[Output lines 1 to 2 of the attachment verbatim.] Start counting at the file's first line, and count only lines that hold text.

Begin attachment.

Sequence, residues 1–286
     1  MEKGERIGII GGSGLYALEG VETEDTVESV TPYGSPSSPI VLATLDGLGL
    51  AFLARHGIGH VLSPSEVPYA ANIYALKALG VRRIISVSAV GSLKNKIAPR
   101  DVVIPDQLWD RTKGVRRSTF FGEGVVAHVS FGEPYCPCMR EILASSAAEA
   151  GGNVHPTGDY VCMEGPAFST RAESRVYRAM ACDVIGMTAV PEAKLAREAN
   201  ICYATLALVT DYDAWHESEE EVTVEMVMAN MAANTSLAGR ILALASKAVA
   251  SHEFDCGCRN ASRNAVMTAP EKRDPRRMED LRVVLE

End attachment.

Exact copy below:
Sequence, residues 1–286
     1  MEKGERIGII GGSGLYALEG VETEDTVESV TPYGSPSSPI VLATLDGLGL